Blood Test Can Predict Rheumatoid Arthritis


If you were able to predict several years in advance that you were going to develop rheumatoid arthritis, you could begin treatment early and prevent progression of the disease. That would be an advantage of getting a blood test that can identify certain factors that increase significantly prior to onset of rheumatoid arthritis.

Scientists from University Hospital in Umea, Sweden, have identified such factors, which include various cytokines, cytokine-related factors, and chemokines, the levels of which all rise prior to onset of rheumatoid arthritis. This chronic disease affects about 1.3 million Americans, according to the Arthritis Foundation, and is characterized by inflammation of the joints involving the synovial (fluid that lubricates the joints) tissue, as well as pain, stiffness, redness, and swelling around the joints. Over time the disease progresses to include damage and destruction of the cartilage and joints, limiting a person’s movement. Because rheumatoid arthritis is a systemic disease, it can also affect other organs in the body.

Experts have known for some time that numerous cytokines (proteins capable of regulating inflammatory responses) are active in the synovial tissue of people who have already developed disease symptoms. However, the ability to identify elevated levels of certain cytokines years before symptoms of the disease occur will allow individuals and their doctors to take preventive steps immediately, which can greatly improve quality of life.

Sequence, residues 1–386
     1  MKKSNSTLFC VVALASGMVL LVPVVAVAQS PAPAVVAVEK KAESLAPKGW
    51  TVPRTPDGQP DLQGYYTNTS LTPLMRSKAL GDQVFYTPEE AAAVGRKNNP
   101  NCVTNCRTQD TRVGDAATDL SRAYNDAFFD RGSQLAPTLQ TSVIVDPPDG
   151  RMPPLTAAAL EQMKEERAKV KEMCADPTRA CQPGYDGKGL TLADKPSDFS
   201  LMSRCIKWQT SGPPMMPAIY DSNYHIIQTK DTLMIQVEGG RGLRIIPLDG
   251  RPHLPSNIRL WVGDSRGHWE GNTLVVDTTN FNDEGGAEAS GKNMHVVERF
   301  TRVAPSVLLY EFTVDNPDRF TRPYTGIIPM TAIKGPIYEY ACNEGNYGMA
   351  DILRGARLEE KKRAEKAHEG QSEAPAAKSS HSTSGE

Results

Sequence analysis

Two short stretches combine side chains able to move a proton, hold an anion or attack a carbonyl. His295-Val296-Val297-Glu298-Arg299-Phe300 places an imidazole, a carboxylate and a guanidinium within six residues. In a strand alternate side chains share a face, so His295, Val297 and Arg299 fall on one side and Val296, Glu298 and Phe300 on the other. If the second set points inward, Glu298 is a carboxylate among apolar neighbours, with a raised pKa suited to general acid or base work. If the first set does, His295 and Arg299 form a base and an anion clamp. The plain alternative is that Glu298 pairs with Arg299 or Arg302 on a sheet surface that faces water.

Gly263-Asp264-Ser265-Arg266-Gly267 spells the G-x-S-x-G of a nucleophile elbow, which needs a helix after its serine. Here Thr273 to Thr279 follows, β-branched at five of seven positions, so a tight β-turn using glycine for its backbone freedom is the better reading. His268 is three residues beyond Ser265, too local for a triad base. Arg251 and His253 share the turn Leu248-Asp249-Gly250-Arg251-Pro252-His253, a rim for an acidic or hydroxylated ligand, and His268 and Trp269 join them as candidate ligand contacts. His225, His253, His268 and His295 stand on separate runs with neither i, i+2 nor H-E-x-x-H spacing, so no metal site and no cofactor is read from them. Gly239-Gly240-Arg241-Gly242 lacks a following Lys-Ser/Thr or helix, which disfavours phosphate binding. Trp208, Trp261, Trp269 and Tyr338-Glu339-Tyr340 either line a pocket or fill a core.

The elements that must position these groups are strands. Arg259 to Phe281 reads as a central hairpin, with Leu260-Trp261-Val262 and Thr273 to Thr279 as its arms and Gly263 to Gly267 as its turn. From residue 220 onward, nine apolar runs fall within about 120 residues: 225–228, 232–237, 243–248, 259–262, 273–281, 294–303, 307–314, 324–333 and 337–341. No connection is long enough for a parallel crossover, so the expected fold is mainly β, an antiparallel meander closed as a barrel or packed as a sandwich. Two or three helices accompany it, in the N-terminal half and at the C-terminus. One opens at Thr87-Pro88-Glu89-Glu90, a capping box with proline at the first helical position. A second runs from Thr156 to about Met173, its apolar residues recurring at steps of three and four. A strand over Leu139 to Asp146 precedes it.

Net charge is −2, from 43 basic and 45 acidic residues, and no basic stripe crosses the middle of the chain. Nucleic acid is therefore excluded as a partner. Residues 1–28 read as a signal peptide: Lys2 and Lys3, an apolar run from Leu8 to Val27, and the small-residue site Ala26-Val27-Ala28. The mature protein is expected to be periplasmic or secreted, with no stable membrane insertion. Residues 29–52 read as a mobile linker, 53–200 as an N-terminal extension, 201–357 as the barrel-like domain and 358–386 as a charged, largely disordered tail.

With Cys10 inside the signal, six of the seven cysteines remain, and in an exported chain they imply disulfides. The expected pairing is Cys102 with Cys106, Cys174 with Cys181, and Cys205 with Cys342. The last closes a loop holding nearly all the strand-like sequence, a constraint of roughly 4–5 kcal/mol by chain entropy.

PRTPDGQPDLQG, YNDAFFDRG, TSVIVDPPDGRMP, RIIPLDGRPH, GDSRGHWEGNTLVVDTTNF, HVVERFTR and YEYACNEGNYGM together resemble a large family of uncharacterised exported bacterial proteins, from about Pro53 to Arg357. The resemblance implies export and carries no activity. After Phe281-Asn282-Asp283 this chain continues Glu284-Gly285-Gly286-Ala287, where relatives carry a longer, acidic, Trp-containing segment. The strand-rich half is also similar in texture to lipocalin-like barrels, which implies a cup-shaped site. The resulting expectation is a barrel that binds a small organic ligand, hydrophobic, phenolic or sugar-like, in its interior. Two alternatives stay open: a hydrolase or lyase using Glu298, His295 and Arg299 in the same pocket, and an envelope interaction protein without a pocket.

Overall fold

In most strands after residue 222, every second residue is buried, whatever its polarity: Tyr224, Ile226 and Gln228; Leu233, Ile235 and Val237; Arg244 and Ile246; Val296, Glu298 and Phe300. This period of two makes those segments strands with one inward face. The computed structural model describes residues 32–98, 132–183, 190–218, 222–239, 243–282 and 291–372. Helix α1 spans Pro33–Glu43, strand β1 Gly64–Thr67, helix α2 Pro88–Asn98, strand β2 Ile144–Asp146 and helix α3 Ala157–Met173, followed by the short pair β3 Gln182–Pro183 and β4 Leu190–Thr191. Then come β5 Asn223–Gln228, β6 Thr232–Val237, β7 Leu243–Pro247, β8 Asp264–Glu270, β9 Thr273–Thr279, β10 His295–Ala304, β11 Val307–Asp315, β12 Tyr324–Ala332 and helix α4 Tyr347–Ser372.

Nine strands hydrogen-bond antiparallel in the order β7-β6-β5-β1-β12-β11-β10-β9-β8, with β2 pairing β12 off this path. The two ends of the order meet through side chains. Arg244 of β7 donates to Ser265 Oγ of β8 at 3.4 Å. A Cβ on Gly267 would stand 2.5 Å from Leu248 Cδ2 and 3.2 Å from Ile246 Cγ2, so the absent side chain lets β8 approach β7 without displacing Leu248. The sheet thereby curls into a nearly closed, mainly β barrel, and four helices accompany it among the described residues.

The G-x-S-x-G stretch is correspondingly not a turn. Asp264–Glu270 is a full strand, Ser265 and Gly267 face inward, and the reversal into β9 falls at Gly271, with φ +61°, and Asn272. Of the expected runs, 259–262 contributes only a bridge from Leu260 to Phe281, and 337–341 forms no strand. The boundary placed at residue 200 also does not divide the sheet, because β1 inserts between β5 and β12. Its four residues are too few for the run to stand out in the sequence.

Use of such a blood test is helpful given that rheumatoid arthritis can be difficult to diagnose because early symptoms such as aching joints and morning stiffness can be subtle. Early diagnosis using the blood test will also allow clinicians to rule out other diseases, such as osteoarthritis, fibromyalgia, and lupus, which have symptoms similar to those in rheumatoid arthritis.

In the Swedish study, the research team analyzed blood samples from 86 individuals before the appearance of symptoms of rheumatoid arthritis (pre-patients), from 69 of the pre-patients after the onset of symptoms, and from 256 healthy controls. The scientists then measured the plasma levels of 30 cytokines, related factors, and chemokines.

The main difference between the rheumatoid arthritis patients and controls was the presence of Th1 cell-, Th2 cell-, and Treg cell-related cytokines, while the differences between the pre-patients and those who developed rheumatoid arthritis was the presence of chemokines, proinflammatory cytokines, and cytokine-related factors. These discoveries indicate that a blood test can identify elevated levels of certain factors years before development of rheumatoid arthritis and thus help predict the disease. Early diagnosis allows immediate treatment and preventive measures that can lessen the severity of the disease and improve quality of life.

Arthritis Foundation
Wiley-Blackwell 2010 Jan. 29. Retrieved from Jan. 29, 2010 from